Scientists at the world’s largest nuclear fusion facility have accomplished the phenomenon known as ignition; this created a nuclear reaction that produced more energy than it consumed. The results of the breakthrough at the US National Ignition Facility (NIF), carried out by the administration of US President Joe Biden on December 5 and announced today, excited the global fusion research community. This research aims to take advantage of nuclear fusion, the phenomenon that powers the Sun, to provide a nearly unlimited source of clean energy on Earth.
“This is an incredible achievement,” says Mark Herrmann, assistant director of basic weapons physics at Lawrence Livermore National Laboratory in California, which houses the fusion lab. Herrmann says the landmark experiment follows years of work by multiple teams on everything from lasers and optics to targets and computer models. “Of course that’s what we celebrate.”
NIF, the flagship experimental facility of the U.S. Department of Energy’s nuclear weapons program designed to study the reactions produced by such weapons, was originally aimed to fire by 2012 and has come under criticism for delays and cost overruns. In August 2021, NIF scientists announced that they had used high-power laser devices to achieve a record-breaking reaction that crossed a critical threshold in the ignition path, but efforts to repeat that experiment or shot in the following months fell short. Ultimately, the scientists shelved efforts to repeat that shot and rethink the experimental design—an effort that paid off last week.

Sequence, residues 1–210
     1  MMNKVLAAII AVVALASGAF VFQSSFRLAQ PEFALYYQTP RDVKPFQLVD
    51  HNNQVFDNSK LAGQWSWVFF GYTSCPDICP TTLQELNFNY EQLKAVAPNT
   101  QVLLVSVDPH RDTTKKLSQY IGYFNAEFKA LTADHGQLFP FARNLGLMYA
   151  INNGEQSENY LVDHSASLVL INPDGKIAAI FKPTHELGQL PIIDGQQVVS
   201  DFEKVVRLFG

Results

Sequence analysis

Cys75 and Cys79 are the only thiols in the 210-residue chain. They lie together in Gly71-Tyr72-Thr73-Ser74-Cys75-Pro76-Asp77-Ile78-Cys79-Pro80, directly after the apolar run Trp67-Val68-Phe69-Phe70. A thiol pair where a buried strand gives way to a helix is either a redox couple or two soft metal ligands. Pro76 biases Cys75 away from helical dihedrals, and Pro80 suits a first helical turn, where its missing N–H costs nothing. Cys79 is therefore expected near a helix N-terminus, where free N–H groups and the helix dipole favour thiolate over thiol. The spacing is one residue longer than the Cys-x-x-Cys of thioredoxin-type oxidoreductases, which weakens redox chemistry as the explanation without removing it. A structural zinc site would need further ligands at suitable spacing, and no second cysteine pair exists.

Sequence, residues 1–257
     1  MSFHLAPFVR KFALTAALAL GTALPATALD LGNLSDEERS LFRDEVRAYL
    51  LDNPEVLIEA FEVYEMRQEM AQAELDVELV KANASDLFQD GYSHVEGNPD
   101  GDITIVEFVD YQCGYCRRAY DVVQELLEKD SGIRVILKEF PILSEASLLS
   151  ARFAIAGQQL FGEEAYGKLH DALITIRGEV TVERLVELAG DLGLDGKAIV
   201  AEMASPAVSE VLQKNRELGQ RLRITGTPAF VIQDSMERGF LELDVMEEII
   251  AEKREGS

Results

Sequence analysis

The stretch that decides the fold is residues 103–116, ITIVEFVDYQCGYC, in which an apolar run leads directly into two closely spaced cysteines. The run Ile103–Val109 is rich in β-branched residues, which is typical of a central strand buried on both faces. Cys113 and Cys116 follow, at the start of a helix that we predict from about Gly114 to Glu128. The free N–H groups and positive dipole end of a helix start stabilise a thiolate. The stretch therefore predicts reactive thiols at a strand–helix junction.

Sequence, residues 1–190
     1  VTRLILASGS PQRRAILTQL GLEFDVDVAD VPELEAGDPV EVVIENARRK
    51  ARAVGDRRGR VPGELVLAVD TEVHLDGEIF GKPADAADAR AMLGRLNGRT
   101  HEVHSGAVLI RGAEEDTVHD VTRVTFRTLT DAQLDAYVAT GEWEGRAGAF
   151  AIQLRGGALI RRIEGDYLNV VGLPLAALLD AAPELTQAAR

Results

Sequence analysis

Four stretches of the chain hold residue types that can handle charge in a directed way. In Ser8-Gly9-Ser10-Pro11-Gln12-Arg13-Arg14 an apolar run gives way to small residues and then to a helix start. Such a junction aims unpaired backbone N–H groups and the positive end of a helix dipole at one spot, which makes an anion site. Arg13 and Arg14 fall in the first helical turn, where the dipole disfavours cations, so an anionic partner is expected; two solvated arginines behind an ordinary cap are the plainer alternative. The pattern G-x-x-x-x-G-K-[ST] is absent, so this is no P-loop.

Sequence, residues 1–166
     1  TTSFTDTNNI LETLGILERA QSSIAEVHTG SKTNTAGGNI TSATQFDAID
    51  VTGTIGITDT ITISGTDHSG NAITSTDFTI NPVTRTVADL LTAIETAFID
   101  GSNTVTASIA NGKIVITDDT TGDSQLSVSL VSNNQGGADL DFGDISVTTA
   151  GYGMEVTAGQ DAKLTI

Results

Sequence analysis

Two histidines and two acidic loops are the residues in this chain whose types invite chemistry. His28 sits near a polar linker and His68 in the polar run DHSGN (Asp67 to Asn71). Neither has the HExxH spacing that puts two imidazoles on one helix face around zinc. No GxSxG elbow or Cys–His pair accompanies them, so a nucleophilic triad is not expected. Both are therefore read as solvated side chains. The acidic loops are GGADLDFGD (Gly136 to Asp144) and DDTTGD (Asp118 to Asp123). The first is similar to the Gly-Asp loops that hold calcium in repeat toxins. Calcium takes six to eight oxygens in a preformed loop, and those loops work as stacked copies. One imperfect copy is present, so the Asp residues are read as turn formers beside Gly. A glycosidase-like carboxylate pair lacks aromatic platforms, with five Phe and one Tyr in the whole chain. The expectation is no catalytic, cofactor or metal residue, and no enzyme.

“There were a lot of people who thought it wasn’t possible, but I and others who held their faith were somewhat right,” says Michael Campbell, former director of the fusion lab at the University of Rochester in New York and an early researcher. Proponent of NIF while in the Lawrence Livermore lab. “I’m living a cosmos to celebrate.”
Nature It looks at NIF’s latest experiment and what it means for fusion science.
What has NIF accomplished?
The facility used a set of 192 lasers to deliver 2.05 megajoules of energy to a pea-sized gold cylinder containing a pellet of frozen hydrogen isotopes deuterium and tritium. The energy pulse caused the capsule to collapse, creating temperatures seen only in stars and thermonuclear weapons, and hydrogen isotopes fused into helium, releasing additional energy, creating a series of fusion reactions. The lab’s analysis shows that about 3.15 megajoules of energy was released; that’s roughly 54% more than the reacted energy and more than double the previous record of 1.3 megajoules.
“Fusion research has been going on since the early 50s, and it is the first time in the lab that fusion appears to produce more energy than it consumes,” says Campbell.
The experiment safely qualifies as ignition, a benchmark for fusion reactions that focuses on how much energy goes to the target compared to how much energy is released. However, although the fusion reactions produced more than 3 megajoules of energy (more than delivered to the target), NIF’s 192 lasers consumed 322 megajoules of energy in the process.